Totally agree with you. Credit Card companies make a killing off of the interest rates of their credit cards. They are almost designed to make you go in to debt (tactics like encouraging you to buy more through reward miles, sending actual bills late via mail, sending letters telling you how there's no interest "this month" then including the fine print that says regular fees apply, etc. - all of which I have seen myself). Cutting off payments to sites that is legal in the country of origin, but to which the big labels still thumb their nose to even though they are getting money out of this anyway only hurts one player in the whole deal - the credit card companies (AKA the banks).It's so incredibly backwards to see these credit card companies picking and choosing which companies they want to honor payments to. I was very convinced that these companies are there to make as much money as possible, but it seems like they might be starting to think that fracturing their own market like this is now the way to go - something I think is unheard of ten years ago.Oh, and before you think I'm saying this is only applying to so-called pirate sites, just remember they did this to Wikileaks too and that was an entirely political decision - very likely brought on by the US government.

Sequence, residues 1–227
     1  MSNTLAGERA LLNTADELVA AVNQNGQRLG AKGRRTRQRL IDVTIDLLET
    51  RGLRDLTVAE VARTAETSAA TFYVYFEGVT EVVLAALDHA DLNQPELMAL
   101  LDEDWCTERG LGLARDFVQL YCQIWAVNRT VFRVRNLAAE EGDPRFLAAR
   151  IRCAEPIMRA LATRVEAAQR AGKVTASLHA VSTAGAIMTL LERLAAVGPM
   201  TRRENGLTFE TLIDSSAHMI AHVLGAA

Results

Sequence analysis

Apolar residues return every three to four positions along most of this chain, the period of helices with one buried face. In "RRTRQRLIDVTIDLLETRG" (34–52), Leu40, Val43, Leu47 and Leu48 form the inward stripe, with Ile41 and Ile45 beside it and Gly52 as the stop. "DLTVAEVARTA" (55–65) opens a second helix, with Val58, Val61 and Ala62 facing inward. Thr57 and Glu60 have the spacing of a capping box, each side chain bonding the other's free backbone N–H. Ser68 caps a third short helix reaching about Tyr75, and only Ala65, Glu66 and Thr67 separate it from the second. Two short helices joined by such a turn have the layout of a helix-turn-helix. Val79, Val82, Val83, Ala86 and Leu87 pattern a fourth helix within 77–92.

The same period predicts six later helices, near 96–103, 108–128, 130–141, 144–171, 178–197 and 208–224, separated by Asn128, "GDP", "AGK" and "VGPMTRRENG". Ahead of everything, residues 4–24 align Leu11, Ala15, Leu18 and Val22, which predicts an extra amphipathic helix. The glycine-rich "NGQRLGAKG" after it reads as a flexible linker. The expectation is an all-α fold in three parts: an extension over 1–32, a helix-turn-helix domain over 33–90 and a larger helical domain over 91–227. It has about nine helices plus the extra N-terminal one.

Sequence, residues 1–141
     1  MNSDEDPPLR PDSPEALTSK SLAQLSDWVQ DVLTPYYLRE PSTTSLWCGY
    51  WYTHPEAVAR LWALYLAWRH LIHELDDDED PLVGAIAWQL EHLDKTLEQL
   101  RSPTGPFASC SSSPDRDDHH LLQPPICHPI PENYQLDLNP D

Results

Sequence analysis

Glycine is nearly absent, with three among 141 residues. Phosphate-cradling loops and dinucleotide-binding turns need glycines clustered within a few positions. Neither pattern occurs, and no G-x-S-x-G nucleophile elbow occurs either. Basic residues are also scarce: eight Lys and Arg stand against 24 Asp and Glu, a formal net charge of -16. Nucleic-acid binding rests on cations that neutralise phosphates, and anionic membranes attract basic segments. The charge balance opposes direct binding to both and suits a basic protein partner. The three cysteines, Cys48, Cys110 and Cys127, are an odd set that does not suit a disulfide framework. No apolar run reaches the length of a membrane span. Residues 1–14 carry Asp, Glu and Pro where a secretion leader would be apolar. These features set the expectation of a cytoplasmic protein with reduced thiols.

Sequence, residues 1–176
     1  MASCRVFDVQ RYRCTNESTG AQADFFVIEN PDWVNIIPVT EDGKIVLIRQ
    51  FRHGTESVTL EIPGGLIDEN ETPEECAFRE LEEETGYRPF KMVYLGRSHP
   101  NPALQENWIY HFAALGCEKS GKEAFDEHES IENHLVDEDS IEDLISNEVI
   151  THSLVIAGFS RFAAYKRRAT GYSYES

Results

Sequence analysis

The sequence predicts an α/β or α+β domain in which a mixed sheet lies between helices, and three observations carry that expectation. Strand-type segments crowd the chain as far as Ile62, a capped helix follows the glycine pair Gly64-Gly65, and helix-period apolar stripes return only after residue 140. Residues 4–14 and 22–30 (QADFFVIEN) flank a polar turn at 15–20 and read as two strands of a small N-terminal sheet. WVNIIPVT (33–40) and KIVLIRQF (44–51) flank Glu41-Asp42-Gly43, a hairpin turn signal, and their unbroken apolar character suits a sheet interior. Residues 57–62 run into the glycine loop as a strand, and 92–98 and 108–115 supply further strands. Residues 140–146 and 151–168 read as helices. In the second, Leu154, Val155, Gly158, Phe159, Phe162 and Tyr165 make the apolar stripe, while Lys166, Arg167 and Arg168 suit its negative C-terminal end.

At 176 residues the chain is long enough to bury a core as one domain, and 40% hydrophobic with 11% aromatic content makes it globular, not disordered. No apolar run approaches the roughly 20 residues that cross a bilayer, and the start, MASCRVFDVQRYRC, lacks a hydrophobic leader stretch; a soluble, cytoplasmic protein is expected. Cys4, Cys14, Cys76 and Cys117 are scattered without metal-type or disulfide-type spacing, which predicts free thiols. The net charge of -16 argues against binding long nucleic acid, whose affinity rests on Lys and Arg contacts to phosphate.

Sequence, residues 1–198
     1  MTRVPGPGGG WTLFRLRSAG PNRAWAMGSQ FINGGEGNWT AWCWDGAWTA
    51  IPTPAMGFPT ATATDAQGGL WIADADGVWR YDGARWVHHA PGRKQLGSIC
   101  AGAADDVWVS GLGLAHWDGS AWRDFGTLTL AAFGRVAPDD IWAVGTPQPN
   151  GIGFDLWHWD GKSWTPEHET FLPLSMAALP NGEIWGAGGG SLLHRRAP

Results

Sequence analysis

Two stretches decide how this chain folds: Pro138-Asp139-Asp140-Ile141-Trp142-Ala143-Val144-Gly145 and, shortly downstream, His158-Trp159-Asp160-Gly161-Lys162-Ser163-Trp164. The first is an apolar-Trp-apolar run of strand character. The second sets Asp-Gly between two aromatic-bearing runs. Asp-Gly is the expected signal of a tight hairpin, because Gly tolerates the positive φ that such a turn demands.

Drew Wilson
Drew Wilson

That and, let's not kid ourselves, this won't stop these sites. It'll simply push them further underground as they switch to alternative payment methods, then continue on as business as usual. There's already censorship resistant currencies and services cropping up as a result of things like Wikileaks. Once a number of these sites switches to these alternative payment methods, it'll make it significantly harder for the IFPI to track down these sites in the first place.I'd say this is actually a move where the record labels are shooting themselves in the foot, but I think they are currently at their thigh right now.

drugshovel
drugshovel

..or the ankle?

Drew Wilson
Drew Wilson

Heheh. I'd say they were at their ankle before they (well, Sony mainly) were caught not only pirating software, but being busted for music piracy as well - both cases still make me chuckle to this day.

lolz
lolz

hahaha yeah target people who are ACTUALLY paying for music, cuz thats ur problem mafiaa.....

Anonymous
Anonymous

Legal in the respective countries seems to count for nothing....